A small room following the Bedroom, with a window facing the Sectorial Ponds, is the Plane Study, named so because it is faced with beautiful iridescent panels of planewood.
Campredon, the French ambassador to the Russian court, in his report to the king about his visit to Peterhof, made a special emphasis on the decor of the Plane Study, although he erroneously identified the wood which decorated the interior as "the cedar of Persia". In actual fact, however, the planewood was sent to St Petersburg by Artemy Volynsky, the governor of Astrakhan, and was kept in the Admiralty warehouse for a long time. Оn1у several years later it was used by Peter the Great for the decoration of a room in the Marly Palace. On the southern, eastern and northern walls are three portraits of Peter the Great's children - the companion likenesses of Anna and Elisabeth as well as a portrait of Alexis with the attributes of war and of Piotr with the attributes of peace.
Owing to its small size, this room could accommodate only a bureau and a chair.
One of the doors of the Bedroom opens to the Lower Corridor, at the end of which, by the exit to the Sectorial Ponds, there is a staircase leading to the first floor. Its two flights with winding steps at the turn were faced with oak and the handrails were made of wrought-iron with gilded details and of burnished steel. Amazingly elaborate pattern of the handrail featuring Peter's monogram, birds and tropheys suggests that it was created by Nicolas Pineau, who produced sketches for the grilles of the palace's balconies.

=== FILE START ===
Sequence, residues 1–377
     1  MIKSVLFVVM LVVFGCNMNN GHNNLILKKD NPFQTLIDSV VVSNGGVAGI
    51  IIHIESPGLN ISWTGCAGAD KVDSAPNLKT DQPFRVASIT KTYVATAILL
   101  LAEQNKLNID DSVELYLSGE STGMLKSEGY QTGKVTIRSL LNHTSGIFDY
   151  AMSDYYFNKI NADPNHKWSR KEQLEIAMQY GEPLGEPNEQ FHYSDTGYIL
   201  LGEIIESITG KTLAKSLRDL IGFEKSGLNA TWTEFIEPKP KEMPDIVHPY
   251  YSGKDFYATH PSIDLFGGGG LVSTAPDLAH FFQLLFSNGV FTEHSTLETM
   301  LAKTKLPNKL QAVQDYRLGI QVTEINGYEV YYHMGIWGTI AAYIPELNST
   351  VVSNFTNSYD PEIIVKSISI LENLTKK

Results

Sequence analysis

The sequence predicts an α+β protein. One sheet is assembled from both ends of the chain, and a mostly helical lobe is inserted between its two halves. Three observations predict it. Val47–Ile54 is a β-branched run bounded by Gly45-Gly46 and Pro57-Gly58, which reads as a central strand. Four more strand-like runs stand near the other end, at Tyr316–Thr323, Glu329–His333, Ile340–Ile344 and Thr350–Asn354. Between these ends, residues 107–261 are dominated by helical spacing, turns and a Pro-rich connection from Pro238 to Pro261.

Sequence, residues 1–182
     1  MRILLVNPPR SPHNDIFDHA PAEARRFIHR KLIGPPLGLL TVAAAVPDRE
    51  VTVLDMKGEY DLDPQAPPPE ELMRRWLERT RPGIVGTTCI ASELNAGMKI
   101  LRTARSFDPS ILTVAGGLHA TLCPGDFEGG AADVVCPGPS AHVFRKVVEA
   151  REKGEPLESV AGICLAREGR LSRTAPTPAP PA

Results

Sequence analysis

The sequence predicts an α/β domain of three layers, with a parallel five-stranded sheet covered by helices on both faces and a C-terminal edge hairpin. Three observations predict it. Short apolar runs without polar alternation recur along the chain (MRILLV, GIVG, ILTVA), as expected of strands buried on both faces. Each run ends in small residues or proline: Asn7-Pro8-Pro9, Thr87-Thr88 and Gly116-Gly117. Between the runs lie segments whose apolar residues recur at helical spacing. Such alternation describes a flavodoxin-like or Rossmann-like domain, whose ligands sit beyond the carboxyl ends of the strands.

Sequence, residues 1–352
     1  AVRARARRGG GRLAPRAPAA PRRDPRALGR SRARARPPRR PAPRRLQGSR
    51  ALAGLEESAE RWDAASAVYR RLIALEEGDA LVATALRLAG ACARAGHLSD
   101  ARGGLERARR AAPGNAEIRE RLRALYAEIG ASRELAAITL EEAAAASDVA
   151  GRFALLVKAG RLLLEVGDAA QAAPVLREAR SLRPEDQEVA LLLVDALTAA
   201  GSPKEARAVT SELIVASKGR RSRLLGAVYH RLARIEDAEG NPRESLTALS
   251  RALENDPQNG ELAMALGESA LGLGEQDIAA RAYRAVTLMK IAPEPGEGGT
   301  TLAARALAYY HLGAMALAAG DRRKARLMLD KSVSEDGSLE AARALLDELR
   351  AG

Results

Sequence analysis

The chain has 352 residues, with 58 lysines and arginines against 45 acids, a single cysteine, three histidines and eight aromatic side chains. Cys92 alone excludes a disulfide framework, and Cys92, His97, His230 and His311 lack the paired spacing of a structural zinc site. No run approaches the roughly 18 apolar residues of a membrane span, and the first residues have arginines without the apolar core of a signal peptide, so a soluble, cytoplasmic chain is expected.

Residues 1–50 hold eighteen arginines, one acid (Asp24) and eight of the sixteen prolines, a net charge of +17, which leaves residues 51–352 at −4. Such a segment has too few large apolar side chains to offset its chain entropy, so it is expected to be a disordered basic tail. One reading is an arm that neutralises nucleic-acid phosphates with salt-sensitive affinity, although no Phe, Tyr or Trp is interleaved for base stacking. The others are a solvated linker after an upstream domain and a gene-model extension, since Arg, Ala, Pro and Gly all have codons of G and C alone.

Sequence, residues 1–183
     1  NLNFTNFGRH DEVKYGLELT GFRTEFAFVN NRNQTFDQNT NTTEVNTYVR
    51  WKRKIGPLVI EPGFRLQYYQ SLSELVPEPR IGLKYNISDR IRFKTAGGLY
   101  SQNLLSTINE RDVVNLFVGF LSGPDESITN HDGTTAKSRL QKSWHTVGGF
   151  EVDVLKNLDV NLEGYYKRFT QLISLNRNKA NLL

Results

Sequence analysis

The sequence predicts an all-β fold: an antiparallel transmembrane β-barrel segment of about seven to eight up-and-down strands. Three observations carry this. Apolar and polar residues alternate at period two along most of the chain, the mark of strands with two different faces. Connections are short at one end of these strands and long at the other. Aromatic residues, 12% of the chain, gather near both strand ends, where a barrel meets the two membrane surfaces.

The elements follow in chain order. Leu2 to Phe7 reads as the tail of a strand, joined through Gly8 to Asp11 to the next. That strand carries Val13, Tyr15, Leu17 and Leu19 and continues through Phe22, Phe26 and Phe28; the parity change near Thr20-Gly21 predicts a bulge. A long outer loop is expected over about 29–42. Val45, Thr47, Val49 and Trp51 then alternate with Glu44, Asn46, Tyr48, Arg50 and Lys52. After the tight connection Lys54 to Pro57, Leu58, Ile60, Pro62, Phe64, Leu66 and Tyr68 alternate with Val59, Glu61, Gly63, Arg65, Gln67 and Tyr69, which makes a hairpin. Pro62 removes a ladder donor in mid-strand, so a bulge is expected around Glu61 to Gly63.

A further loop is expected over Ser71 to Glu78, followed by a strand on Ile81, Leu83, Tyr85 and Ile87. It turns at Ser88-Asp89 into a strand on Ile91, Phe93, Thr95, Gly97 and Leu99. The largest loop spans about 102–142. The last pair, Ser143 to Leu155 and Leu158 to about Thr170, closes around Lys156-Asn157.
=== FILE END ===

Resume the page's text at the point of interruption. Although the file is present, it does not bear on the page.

At the first floor, opposite the staircase there is a tiny Wardrobe Room, where in past times some part of Peter's extensive wardrobe, which comprised 300 items, was housed. The bulk of Peter the Great's clothes was transferred, in the reign of Nicholas I, to the Imperial Hermitage in St Petersburg, but even today the Peterhof collections own some interesting garments which belonged to the Emperor.
The Upper Corridor leading to the rooms of the first floor is decorated, like the ground floor, with paintings by Dutch and Flemish artists of the seventeenth and early eighteenth centuries.
Bureau. Italy. Late 17th century.
The Handrail of the Staircase. The monogram of Piotr Alexeyevich (Peter the Great).
The Handrail of the Staircase. The monogram of the Crown of the Russian Empire.